Another lawsuit being filed to strike down another marriage ban is nothing new. Every state without marriage equality has federal lawsuits against marriage bans except for four states. That number will likely decrease this week. What IS new about this lawsuit is that a religious organization (along with gay couples and other congregations) is filing this lawsuit -- the UCC will be a named plaintiff in the suit. And, there will be a First Amendment claim.
Reverend Joe Hoffman says:
As senior minister, I am often asked to perform marriage ceremonies for same-sex couples in my congregation. My denomination – the United Church of Christ – authorizes me to perform these ceremonies. But Amendment One denies my religious freedom by prohibiting me from exercising this right.Jake Sussman a partner at Tin Fulton Walker & Owen and lead counsel in General Synod of the United Church of Christ vs. Cooper says:
In addition to bringing 14th Amendment claims under equal protection and due process, this lawsuit introduces a 1st Amendment claim that the marriage ban in North Carolina violates the right to the free exercise of religious beliefs by denominations, clergy, and congregants who believe that same-sex marriages are theologically valid and want to perform marriage ceremonies.The lawsuit was filed in the Western District of North Carolina, and you can read more about it here and here.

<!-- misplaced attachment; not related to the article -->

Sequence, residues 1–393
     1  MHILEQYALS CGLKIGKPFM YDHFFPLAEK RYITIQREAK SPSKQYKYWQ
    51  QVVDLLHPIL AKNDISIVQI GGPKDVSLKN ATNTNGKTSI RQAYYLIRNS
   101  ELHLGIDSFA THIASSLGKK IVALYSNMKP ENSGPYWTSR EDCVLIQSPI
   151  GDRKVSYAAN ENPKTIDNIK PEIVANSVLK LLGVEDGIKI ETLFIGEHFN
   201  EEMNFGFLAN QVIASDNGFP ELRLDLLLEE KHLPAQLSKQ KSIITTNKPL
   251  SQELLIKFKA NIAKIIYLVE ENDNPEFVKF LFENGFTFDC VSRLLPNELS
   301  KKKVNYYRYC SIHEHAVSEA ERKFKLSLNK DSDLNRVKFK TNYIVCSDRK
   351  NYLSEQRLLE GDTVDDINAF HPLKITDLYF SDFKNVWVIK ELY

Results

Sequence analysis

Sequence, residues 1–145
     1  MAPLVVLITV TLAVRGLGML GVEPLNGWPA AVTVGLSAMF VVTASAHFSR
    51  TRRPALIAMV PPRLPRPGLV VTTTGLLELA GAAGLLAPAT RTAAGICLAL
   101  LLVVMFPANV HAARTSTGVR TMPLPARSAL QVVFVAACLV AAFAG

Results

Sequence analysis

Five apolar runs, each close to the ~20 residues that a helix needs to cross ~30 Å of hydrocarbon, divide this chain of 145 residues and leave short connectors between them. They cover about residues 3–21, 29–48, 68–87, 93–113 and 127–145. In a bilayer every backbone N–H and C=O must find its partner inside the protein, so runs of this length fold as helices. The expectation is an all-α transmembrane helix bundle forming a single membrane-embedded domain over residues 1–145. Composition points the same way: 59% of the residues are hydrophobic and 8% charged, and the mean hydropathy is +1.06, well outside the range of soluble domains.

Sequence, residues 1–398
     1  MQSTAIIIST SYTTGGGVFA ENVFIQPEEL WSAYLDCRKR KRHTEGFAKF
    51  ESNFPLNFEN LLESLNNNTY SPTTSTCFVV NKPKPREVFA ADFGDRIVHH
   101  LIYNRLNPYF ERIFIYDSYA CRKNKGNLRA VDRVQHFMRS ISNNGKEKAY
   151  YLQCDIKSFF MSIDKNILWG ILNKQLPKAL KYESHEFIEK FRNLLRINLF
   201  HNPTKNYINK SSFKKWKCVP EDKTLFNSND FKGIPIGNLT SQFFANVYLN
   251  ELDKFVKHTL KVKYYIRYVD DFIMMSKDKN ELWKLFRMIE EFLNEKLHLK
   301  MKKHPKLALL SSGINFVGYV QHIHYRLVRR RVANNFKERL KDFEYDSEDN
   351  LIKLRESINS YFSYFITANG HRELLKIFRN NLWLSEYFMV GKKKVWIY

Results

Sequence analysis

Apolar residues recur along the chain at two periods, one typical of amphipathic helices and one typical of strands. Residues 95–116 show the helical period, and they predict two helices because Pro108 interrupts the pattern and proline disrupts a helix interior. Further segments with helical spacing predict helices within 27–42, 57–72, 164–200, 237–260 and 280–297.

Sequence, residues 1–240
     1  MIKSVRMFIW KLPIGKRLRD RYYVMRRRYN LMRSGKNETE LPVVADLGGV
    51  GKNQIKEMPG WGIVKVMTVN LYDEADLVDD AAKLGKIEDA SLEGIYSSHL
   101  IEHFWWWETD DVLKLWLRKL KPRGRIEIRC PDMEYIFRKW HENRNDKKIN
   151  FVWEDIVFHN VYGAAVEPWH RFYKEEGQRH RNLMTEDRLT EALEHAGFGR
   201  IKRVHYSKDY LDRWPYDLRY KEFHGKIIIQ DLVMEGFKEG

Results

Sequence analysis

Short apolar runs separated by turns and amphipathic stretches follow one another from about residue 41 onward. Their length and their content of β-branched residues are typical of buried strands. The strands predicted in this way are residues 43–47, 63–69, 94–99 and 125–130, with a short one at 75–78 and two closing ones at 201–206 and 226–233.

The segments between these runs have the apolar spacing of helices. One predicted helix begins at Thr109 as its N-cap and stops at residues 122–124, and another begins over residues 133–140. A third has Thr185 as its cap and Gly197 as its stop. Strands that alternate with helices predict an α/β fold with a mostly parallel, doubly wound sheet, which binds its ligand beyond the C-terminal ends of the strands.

I'm not certain if North Carolina's marriage ban (Amendment One) prohibits a church from performing a marriage ceremony. Most states' marriage bans simply state that the state will not recognize the marriages of same sex couples. I believe that is probably why religious organizations in favor of marriage equality have simply filed amicus curiae briefs in other marriage equality cases. It will be interesting to see how this plays out in North Carolina.
Just found this on the second link:
Current state law technically makes it a misdemeanor, Largess said, for ministers to conduct marriage ceremonies without licenses. It is also illegal for ministers — who are deputized by the state to perform weddings — to sign marriage licenses for same-sex couples.
9:41 AM PT: UCC General Minister and President Geoffrey Black traveled to Charlotte for the lawsuit’s filing, which he said is a stand for the freedom of religion.
“We believe very strongly that this freedom must be protected,” Black said. “As an inclusive church we are sensitive to any laws that create inequality in our society. When we determined the State of North Carolina was restricting the free exercise of religion, we felt compelled to take lawsuit.”
4:55 PM PT: missleglebeagle makes a good point below that the UCC may not have Article III standing.